*Refer to

    Course Evaluation

    The evaluation criteria used for this course are represented below. Specific course evaluation

    information will be provided by the instructor at the start of the course.

    Criterion % of Final Grade

    (may be represented as a range)

    Course work (activities, assignments, essays, reports, etc.) 60%

    Quizzes and exams

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    JIF 200 Course Outline Form Version 15 Form last Revised Sept 16 2015


    Attendance/Participation (in class or online) 40%

    Practice Education/Internships

    Total 100%

    Comments on Evaluation

    Course Grading Scheme*


    (* Grading policy)

    Other Course Guidelines, Procedures and Comments

    View official versions of related JIBC academic regulations and student policies in the JIBC Calendar on

    the following pages of the JIBC website:

    Academic Regulations:

    Student Policies:

    Student Academic Integrity Policy

    Academic Progression Policy

    Admissions Policy

    Academic Appeals Policy

    Evaluation Policy

    Grading Policy

    Access Policy

    Harassment Policy Students

    Student Records Policy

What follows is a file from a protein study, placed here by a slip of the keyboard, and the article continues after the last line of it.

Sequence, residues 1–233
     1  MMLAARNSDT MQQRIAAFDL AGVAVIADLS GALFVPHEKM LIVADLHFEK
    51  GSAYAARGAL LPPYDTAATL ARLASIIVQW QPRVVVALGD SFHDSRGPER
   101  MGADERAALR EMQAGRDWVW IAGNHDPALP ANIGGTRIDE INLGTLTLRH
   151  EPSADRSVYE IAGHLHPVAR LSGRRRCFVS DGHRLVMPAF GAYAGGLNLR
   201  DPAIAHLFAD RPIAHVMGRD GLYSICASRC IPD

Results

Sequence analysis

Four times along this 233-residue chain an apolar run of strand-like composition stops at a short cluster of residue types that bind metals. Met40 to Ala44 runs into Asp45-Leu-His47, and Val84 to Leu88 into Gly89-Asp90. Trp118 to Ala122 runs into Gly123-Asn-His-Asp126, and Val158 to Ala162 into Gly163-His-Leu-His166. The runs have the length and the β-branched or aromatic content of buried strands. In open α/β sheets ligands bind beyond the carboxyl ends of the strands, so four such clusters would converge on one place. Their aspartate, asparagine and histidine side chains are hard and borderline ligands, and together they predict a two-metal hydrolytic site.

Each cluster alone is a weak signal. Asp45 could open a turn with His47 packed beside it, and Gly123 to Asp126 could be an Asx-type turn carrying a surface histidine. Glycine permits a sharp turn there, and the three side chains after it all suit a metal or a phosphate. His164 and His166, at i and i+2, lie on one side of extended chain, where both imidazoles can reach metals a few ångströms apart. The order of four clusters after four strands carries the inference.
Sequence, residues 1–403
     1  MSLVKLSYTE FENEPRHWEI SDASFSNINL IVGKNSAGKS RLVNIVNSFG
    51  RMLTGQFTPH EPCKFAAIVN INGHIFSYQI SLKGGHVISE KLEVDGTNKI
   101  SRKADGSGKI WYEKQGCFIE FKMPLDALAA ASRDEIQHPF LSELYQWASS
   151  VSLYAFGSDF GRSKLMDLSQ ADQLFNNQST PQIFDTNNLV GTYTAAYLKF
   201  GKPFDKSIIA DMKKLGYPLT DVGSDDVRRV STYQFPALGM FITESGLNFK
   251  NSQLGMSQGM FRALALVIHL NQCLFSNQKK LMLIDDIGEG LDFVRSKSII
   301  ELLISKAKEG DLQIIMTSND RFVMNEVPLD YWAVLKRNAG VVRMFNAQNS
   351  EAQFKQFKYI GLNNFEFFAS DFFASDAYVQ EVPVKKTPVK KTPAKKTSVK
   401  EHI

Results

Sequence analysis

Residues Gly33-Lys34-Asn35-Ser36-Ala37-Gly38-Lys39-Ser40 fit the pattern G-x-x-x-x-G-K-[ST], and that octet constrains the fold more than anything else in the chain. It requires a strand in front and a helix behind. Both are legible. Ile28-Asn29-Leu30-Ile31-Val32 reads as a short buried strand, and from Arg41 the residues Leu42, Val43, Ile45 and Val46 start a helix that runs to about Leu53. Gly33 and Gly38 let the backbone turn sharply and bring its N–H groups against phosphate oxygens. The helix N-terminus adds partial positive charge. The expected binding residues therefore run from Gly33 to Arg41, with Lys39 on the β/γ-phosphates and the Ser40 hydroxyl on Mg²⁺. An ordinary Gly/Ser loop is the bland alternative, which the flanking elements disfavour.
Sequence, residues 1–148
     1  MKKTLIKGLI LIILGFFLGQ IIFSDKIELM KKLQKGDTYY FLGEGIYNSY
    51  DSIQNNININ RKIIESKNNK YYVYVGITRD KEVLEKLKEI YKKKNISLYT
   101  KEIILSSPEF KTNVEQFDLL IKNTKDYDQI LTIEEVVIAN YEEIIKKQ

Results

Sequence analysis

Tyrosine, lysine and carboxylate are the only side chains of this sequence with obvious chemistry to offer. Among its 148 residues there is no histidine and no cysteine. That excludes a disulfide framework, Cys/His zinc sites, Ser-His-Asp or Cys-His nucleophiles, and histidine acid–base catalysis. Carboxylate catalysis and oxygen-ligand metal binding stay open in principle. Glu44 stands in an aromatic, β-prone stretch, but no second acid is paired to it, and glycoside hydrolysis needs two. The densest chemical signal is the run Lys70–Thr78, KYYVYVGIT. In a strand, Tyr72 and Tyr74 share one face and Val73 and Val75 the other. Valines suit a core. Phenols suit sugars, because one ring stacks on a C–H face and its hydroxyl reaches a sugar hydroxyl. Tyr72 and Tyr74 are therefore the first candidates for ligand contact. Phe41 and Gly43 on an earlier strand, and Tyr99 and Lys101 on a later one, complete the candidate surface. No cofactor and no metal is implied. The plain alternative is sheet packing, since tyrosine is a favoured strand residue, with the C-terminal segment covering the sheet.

Student Code of Conduct Policy

    JIBC Core Competencies

    The JIBC promotes the development of core and specialized competencies in its programs. Graduates of

    our programs will demonstrate high levels of competence in the following areas:

    Critical thinking: Identify and examine issues and ideas; analyze and evaluate options in a variety of fields with differing assumptions, contents and methods.

    Communication, Oral and written: Demonstrate effective communication skills by selecting the appropriate style, language and form of communication suitable for different audiences and mediums.

    Leadership: Inspire individuals and teams to reach their potential by embracing innovation through strategic thinking and shared responsibility.

    Problem solving: State problems clearly; effectively and efficiently evaluate alternative solutions; choose solutions that maximize positive and minimize negative outcomes.

    Interpersonal relations: Know and manage ourselves; recognize and acknowledge the needs and emotions of others including those with diverse cultures, backgrounds and capabilities.

    Inter-professional teamwork: Understand and work productively within and between groups, respect others perspectives and

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    JIF 200 Course Outline Form Version 15 Form last Revised Sept 16 2015

    Independent learning: Show initiative by acting independently in choosing effective, efficient and appropriate applied learning, research and problem solving strategies.

    Globally minded: Self-aware of own identity and culture, recognize the interconnectedness of world events and issues; interact respectfully and authentically across cultures; value multiple perspectives; utilize curiosity to learn with and from others.

    provide constructive feedback with special attention to inter-professional relationships.

    Information literacy: Recognize and analyze the extent and nature of an information need; efficiently locate and retrieve information; evaluate it and its sources critically, and use information effectively and ethically.